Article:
The Physical Approach Comes First in Tai Chi


Your body is the container through which your energy flows.

It makes sense that you start with the physical approach to your health, longevity, and optimum performance through Tai Chi exercise. Each time you practice Tai Chi, you go into the body’s most subtle aspects. You will understand the body’s physical mechanisms and realities.

You will get to know your body’s anatomical alignments. And you familiarize yourself with the different parts of your body and what they do or don’t do well.

Wouldn’t you like to know what your body does and doesn’t do well?

Tai Chi challenges you to learn more about your body, coordinate your movements and learn how they flow together. That’s why you begin learning Tai Chi at the level of understanding the physicality of your body.

What to Expect as a Beginner Learning Tai Chi

The first level of Tai Chi is body work, where all practitioners must begin.

As a beginner student, you can expect to learn the sequences of movements called Tai Chi Chuan. Tai Chi is traditionally taught as a martial art through a form in which you spar with an imaginary opponent. 

Each Tai Chi master has a collection of their best fighting techniques which they then use to teach their students via a sequence of movements called a form or set.

Tai Chi moves are strung together with smooth transitions in a seamless, continuous flow without starts, stops, or abrupt movements. 

Some movements are based on the master’s observations of nature.

Yield and Evade

Legend has it that Tai Chi was created by a monk who had an ‘aha’ moment after watching a fight between a snake and a crane. 

The crane would attack and the snake would yield, evade and then somehow attack the crane back. This would happen over and over again. The crane would attack and the snake would yield, evade, and come around naturally to attack the crane.

Therefore, Tai Chi was developed as a martial art based on natural principles using softness and yielding to overcome force. 

Thereafter, coiling and circular movements were emphasized along with mindful strength called Jin, which makes Tai Chi an internal martial art.

Jin is the Chinese word for power.  Jin describes the ability to generate force over time.  Jin is not just muscular strength.  When you generate force using your mind to move the chi rather than relying on just your muscular strength, then this is Jin.

By the way, you learn about Jin at the second level of Tai Chi, which is when you practice mind work. 

Changes from one posture to another unfold naturally with time. You learn that movements begin with the feet, steered by the waist, and expressed through the fingers.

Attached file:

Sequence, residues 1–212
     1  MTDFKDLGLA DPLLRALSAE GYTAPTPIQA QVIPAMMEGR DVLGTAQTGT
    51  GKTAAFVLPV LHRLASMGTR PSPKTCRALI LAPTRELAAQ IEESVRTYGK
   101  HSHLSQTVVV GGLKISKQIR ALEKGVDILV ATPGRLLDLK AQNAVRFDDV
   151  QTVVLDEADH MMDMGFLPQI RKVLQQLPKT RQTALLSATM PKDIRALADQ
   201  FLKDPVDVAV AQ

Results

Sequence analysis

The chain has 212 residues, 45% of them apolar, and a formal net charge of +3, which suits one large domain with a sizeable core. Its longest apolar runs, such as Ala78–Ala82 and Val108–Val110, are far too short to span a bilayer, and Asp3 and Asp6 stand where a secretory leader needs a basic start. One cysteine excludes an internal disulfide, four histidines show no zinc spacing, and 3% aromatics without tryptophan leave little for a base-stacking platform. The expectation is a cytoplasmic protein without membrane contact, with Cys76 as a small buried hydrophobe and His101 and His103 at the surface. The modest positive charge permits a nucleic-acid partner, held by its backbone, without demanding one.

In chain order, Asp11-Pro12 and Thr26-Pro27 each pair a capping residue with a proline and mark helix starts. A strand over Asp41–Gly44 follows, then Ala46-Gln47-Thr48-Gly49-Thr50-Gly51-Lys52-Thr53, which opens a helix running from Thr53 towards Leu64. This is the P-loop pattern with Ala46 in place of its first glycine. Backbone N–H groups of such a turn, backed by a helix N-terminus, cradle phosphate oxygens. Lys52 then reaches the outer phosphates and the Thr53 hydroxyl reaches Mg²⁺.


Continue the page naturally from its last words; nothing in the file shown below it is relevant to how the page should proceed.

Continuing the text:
Throughout each individual movement, you practice slowly with smooth transitions before settling into your final posture.

Key Places You Center and Focus Awareness during Tai Chi

The slowness of the transition gives you time to sense your body’s position, make appropriate adjustments and organize the different parts of your body so that they work together as one unit. The transitions are also seamless as the movements weave in and out of each other. Movements from beginning to end are continuous as in an endless circle.

Every circle has its center. This is where you get introduced to the concept of a physical and energetic center called the lower dantian. It is one of the key places you center and focus your awareness during Tai Chi practice.

The lower dantian is located behind the naval, close to the body’s physical center of gravity. Centering the dantian helps with your physical balance. It integrates your upper and lower body movements as you step and shift your weight. 

Tai Chi involves a constant shifting of weight from one leg to the other, which facilitates improved standing and strengthening of your legs, ankles, and feet.

When you do Tai Chi, you spend more time on one leg compared to when you walk. This improves your leg strength, especially the strength in your knees.

Let’s do a sequence of movements in the Tai Chi form, and follow along with my video to see the movements.

1. First, drop.

2. Energize the fingers up.

3. Exhale, relax, and sink.

4. Energize the fingers up towards the sky.

5. Exhale, relax, and sink.

6. Turn your right foot outward and energize. 

From here, you will:

1. Step, shift your weight and exhale into your left foot.

2. Energize – one hand up one hand down. 

3. Sink into your left foot. One hand faces the other.

4. Turn, step again, exhale.

5. Energize – ward off right.

6. Turn to the right. Shift the weight back and exhale.

7. Energize, so that one hand follows the other.

8. Exhale, shift the way forward, drop your hips.

9. Press your hands outward.

10. Shift your weight back, open and exhale into your right foot.

11. Energize and push. 

12. Shift the weight back, turn, open and step.

Lastly, drop, relax back down, and exhale all the way.

What if you can develop the capacities of your body’s lower dantian to affect all of your body’s physical functions?

How do you feel about becoming more stable and grounded in this world? What are some of the basic body alignments taught in Tai Chi to help you get more grounded?

Stay tuned and follow me on Facebook and find out more about the art of Tai Chi.

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